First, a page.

Not All Animals Act Like Dogs

I neigh or whinny: I do not bark!

I cannot believe how many writers tend to give animals, largely horses, dog-like traits. Disney/Pixar is especially guilty of this — I could not help but groan that the horse in Tangled behaved so doggish, despite the fact that I knew it was done for humor. It is understandable why some writers have the animals in their novel take on doggish traits, because let’s face it, must individuals have had more access to dogs during their lives compared to with horses, cows, chickens, etc.

While the trope is commonly used for humor, serious writes need to get — well, serious. Find places where you can have access to animals that appear or play a major rule in your novel, or find people who raise them and work with the animal on a daily basis. In this era of the internet, there is no excuse not to be able to do the latter with several handy dandy forums specializing in different animals and different animal breeds. The NaNoWriMo forum is also a great place to pose questions about different animals behaviors and receive a multitude of responses.

Beyond the species itself, writers need to research the breeds they will be using in their novels as they will have different temperaments, mannerisms and behaviors. In my experience with pigs, Yorkshire pigs are more high-strung when compared to Hereford pigs, Hamps or Durocs. In the goat world, I’ve observed Nubian goats tend to be easier to startled compared to Oberhasli goats or Alpines. Horse breeds are no different with “warm-blooded,” “hot blooded” and “cold bloods” breeds all having unique feels.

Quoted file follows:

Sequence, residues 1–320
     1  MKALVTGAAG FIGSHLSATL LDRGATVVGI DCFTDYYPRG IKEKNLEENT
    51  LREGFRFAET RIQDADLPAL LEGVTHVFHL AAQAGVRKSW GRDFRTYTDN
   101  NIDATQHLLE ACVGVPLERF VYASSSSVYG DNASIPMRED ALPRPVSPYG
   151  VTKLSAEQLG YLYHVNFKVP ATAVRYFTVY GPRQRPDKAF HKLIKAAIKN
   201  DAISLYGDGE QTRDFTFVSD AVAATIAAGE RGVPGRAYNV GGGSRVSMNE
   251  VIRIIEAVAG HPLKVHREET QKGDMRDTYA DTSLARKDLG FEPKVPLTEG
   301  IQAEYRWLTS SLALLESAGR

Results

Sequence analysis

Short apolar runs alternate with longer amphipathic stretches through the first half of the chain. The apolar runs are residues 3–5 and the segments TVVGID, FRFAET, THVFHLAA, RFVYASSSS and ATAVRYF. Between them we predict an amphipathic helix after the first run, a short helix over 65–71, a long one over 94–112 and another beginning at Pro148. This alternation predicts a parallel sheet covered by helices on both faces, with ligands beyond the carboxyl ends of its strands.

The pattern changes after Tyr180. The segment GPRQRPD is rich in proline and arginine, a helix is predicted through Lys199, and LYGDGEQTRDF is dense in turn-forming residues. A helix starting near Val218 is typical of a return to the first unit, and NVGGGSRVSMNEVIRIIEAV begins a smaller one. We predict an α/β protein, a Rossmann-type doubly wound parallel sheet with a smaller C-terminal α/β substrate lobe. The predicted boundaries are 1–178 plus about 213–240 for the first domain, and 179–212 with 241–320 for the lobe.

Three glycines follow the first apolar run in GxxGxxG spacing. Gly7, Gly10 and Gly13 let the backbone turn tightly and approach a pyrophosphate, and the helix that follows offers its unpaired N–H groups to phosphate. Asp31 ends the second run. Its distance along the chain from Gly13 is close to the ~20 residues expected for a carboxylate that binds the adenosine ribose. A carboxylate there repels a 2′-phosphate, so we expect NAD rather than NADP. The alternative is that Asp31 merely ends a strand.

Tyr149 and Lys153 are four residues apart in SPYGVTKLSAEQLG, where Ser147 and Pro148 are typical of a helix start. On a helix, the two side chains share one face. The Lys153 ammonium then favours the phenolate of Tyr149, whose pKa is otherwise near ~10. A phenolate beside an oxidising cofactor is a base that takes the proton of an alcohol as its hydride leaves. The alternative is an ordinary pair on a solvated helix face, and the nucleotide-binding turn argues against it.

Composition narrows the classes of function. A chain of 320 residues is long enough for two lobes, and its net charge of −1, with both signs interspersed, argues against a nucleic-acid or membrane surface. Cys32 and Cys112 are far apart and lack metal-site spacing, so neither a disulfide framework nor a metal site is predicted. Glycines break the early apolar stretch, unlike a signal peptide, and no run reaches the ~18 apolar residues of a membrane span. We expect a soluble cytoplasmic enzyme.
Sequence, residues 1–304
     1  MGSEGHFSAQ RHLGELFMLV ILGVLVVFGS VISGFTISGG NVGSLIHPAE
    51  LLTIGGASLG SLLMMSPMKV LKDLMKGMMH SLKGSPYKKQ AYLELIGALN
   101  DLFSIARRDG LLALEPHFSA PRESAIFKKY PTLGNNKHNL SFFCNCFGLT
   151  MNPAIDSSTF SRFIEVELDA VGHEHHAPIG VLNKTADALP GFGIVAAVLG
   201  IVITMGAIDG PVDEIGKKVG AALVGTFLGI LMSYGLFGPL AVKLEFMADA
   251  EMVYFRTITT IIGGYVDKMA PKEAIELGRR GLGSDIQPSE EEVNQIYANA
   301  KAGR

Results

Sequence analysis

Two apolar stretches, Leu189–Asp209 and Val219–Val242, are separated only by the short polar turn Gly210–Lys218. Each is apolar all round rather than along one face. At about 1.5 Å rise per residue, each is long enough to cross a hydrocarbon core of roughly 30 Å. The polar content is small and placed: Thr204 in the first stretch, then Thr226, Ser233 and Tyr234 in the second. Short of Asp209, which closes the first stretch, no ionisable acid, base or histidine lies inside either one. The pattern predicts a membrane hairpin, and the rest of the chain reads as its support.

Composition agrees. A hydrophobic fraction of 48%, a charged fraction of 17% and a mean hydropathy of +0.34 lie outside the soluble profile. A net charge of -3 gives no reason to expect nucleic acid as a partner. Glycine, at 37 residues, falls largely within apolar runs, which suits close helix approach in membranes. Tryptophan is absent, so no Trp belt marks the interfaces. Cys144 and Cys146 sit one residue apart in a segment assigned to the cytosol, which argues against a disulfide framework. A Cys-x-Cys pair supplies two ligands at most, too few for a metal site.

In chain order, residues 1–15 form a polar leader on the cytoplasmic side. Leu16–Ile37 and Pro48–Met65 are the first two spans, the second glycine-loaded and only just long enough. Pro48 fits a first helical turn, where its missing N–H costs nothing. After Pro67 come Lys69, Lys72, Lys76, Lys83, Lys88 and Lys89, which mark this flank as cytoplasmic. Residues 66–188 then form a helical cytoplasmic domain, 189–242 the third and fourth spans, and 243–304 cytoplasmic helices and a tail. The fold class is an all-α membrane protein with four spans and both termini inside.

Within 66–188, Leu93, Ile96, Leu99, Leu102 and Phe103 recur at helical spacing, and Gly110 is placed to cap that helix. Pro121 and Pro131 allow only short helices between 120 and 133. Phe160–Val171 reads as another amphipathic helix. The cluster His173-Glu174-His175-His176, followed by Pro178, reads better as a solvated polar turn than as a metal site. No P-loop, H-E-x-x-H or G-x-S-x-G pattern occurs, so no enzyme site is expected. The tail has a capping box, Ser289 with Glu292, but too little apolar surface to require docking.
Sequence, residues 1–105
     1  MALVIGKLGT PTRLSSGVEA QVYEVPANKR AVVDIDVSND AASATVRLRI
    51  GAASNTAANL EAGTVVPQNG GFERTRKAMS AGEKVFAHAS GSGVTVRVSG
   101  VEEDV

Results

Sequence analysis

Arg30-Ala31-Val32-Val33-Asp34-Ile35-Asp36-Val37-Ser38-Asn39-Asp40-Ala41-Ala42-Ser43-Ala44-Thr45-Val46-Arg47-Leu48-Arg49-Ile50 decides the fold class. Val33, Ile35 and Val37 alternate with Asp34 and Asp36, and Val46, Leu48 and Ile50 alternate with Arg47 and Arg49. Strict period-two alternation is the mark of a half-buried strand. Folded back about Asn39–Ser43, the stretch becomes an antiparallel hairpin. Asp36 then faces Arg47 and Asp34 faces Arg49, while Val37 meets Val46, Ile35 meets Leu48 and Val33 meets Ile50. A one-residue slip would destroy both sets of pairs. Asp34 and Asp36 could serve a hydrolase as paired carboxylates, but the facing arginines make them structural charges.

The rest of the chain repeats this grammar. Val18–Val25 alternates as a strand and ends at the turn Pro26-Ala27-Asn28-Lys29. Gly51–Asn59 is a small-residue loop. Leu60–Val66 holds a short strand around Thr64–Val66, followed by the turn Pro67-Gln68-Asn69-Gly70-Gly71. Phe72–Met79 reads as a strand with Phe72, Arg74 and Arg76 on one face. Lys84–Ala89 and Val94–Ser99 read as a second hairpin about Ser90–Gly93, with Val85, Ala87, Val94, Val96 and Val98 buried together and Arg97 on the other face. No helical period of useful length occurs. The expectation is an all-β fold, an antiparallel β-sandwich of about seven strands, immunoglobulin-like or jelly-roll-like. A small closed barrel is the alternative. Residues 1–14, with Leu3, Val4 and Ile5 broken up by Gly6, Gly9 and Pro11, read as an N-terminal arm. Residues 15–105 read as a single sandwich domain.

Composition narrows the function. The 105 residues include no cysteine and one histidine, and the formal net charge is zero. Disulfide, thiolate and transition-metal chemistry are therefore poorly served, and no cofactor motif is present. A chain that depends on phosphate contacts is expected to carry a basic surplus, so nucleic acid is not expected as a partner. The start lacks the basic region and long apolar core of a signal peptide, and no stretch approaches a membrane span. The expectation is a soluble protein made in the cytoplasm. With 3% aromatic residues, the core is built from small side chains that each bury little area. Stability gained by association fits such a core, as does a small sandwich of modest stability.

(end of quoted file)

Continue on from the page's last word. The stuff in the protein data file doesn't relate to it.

Writers also need to understand that some animals are just not domesticated. A wolf is not going to play fetch, even though they are closely related to the domesticated dog. Komodo dragons will not make cute, cuddly pets. While it is acceptable for characters to approach non-domesticated  animals, the writer better be portraying their characters as ignorant, naive, stupid or just plain arrogant. There must be repercussions or the writer should have the animal flee.

For some fun reading on this topic, visit for a list of examples. For information on horses, the most commonly misrepresented animal, visit The Horse Forum or one of the other countless forums dedicated to one of man’s oldest companions: the horse.

My kitty Jazzlyn, aka Jazzy, says, “Hi” and that she is not a smelly dog.


Published by smwright

Sarah Wright is the author of The Heritage Lost Series and several other works of speculative fiction. Professionally, she works as a staff writer and editor at a newspaper/magazine company. She enjoys interweaving her love of history into her writing, even in the most fantastic settings.

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